The International WORK BOAT SHOW

Sponsored by WorkBoat and National Fisherman December 5-7, 1991, New Orleans, Louisiana More than 10,000 workboat and commercial marine professionals are expected to gather at the Louisiana Superdome inNew Orleans, December 5-7,1991 for the 13th annual International Workboat Show, one of the largest trade exhibitions on workboat products, suppliers and services in the world. The show has been devised for workboat industry professionals who build or buy, maintain, supply, own or operate any of the shallowd r a f t "workhorses" in North America's substantial inland, offshore or coastal fleets. The latest industry statistics indicate that there are about 7,500 tugs and towboats and more than 30,000 barges operating in American inland, harbor and coastal waters.

Last year, the Workboat Show presented over 350 companies in 650 booths. This year, according to Stephen McDonough, director of sales and marketing for the show, more than 700 booths will be on display. Attendance is also expected to rise to as many as 12,000, the highest attendance figure for the show since the boom days in the Gulf of Mexico in the early 1980s.

Mr. McDonough attributes the increased interest in the show to a recovery in the shallow-draft industry over the last couple of years, as well as a broadening of the scope of the show to include more on rivers, lakes, and inland waterways, as well as ferries, tugs, towboats and barges.

Mr. McDonough added t h a t exhibits will highlight products and services for all major segments of the commercial marine industry, including vessels, engines, electronics, safety equipment and gear, etc.

A special feature of the 1991 Workboat Show is "WorkBoat 2000," a seminar program specifically created to provide information on current and future industry issues.

Marine industry experts will share their special insight, knowledge and experience on the status of the industry today and where it will be in the year 2000.

The seminar will be kicked-off on Friday, December 6 at 9 a.m. by Steve Thompson, a specialist in transportation for the Library of Congress and current executive vice president of the Transportation Research Forum and chairman of the Committee on International Trade and Transportation of the Transportation Board. Mr. Thompson' s keynote address will focus on how the workboat business will change over the next few years.

"I promise you will leave this session better able to understand what national and international economic factors could affect your business t h r o u g h the 1990s," said Mr.

Thompson. "Environmental issues, free trade zones, public policy in the U.S. and abroad, new technology in transportation—all these and more could significantly affect the workboat industry. For your company to remain successful and survive in these tough economic times, you must understand what all these factors mean to you," he added.

Following Mr. Thompson' s keynote address will be "Challenges and Opportunities of Changing International Trade on Inland and Coastal Workboat Trade." Several panelists will discuss how international trade climates affect cargo availability, river conditions, inland transportation of import and export commodities on America's waterways.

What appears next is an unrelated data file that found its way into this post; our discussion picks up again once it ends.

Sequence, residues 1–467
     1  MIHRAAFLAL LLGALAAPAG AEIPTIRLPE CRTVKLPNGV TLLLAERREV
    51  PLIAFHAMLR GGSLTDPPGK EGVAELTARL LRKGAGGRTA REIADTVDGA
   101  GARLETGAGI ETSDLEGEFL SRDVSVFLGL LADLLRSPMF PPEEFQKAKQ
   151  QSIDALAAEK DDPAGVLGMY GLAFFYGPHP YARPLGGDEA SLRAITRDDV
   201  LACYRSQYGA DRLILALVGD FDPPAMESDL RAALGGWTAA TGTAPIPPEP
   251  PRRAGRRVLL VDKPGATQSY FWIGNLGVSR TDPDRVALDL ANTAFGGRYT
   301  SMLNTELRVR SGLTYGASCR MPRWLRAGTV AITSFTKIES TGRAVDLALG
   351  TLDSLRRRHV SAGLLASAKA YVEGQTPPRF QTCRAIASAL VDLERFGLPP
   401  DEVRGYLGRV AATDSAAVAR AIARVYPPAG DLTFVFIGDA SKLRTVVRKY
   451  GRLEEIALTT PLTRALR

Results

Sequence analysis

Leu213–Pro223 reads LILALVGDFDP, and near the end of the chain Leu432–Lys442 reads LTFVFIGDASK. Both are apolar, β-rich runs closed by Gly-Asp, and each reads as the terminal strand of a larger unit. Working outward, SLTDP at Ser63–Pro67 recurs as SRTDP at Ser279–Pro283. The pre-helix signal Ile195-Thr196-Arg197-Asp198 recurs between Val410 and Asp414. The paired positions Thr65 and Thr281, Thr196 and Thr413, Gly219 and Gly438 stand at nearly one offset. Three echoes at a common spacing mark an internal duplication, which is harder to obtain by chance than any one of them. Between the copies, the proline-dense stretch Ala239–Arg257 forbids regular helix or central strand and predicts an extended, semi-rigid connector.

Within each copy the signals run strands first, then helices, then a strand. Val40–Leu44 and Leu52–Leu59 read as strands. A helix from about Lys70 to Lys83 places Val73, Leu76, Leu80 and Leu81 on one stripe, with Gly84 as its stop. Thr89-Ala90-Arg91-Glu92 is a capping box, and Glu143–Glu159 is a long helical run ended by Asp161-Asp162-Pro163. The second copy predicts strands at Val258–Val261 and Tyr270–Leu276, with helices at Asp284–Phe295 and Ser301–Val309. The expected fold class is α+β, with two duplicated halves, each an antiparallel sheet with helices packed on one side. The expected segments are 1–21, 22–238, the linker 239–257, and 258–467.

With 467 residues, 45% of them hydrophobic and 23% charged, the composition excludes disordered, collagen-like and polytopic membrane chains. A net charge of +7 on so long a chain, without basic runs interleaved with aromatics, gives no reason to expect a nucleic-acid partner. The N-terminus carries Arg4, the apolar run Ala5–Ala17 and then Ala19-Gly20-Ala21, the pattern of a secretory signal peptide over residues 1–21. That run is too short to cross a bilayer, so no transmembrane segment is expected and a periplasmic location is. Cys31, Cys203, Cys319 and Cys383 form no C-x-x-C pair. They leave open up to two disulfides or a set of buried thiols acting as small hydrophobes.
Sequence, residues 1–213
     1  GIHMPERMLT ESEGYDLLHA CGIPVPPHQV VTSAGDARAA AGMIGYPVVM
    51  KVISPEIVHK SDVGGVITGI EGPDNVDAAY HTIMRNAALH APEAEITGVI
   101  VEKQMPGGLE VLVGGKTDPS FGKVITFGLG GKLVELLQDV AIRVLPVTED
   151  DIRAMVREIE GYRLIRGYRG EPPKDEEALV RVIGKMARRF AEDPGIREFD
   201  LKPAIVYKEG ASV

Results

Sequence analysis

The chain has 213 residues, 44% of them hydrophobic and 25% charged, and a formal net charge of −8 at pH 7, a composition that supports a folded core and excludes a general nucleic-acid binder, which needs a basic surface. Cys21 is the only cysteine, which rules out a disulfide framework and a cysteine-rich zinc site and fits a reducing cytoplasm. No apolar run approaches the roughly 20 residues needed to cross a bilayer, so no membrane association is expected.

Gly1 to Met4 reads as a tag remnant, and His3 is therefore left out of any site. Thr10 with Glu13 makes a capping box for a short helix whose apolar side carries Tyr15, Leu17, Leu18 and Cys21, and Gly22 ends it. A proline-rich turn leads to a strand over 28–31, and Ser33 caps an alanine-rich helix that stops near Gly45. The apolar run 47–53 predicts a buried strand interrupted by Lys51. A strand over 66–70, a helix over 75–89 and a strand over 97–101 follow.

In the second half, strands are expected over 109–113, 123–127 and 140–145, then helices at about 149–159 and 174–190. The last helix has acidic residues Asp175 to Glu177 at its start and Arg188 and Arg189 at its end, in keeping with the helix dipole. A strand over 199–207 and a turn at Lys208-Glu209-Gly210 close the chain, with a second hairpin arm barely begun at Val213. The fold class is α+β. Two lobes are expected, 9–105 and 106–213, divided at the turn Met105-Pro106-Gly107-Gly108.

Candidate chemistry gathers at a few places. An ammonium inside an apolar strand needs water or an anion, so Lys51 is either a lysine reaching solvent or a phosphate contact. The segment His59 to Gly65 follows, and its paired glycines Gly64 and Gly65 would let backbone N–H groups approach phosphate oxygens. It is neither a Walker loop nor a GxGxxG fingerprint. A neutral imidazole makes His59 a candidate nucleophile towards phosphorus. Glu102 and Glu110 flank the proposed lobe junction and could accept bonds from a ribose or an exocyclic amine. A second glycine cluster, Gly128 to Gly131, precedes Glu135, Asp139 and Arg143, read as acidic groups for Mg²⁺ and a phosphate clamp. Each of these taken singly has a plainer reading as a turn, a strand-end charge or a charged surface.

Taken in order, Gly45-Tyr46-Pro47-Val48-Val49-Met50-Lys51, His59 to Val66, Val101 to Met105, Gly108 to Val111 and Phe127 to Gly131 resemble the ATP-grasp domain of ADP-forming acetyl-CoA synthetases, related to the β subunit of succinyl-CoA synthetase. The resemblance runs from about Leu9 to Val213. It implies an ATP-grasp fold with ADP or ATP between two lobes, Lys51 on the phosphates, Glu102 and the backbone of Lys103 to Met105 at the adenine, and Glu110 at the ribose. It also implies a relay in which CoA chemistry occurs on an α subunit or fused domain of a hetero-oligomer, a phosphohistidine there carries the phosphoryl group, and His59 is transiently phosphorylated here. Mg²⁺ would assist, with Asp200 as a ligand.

The seminar will be presented from 10:30 a.m. to noon.

The afternoon's session, from 1:30 p.m. to 3 p.m., is entitled, "Changing Tides for Passengers Vessels." The seminar will focus on the hot topics of dinner and gambling boat investment.

It will address the questions, "Could riverboat gambling be a boom or a bust?"; "Will increased environmental concerns lead people to spend money in the smaller nature-tourtype business?"; "Could world peace and prosperity increase the volume of foreign visitors to the U.S.?"; "Will more people take vacations to U.S.

resorts, increasing the need for resort ferries?"; and "Could world restrictions, recession and rising fuel prices worldwide encourage Americans to take day or weekend trips more conducive to the gambling and dinner boat segment?" On Saturday, December 7, from 10:30 a.m. to noon, "Demands on Boat Building through the Year 2000" will be presented. The seminar will focus on what kind of vessels will be in demand, what kind of modifications to construction will need to be developed, public water transportation, and possible emerging markets for U.S.-built boats in South and Central America, as well as Mexico.

The same day, from 1:30 p.m to 3 p.m., the seminar "Imminent Challenges Facing Offshore Oil, Gas and Mineral Exploration" will be presented.

This session will examine the effects of environmental restrictions on U.S. drilling and operation of offshore supply/service boats, offshore mining, and markets for offshore service boat leasing and buying.

For further information, contact National Fisherman Expositions, P.O. Box 7437, Portland, Maine 04112-7437; telephone: (207) 772- 3005; or telefax: (207) 772-5059.

Other stories from November 1991 issue


Maritime Reporter

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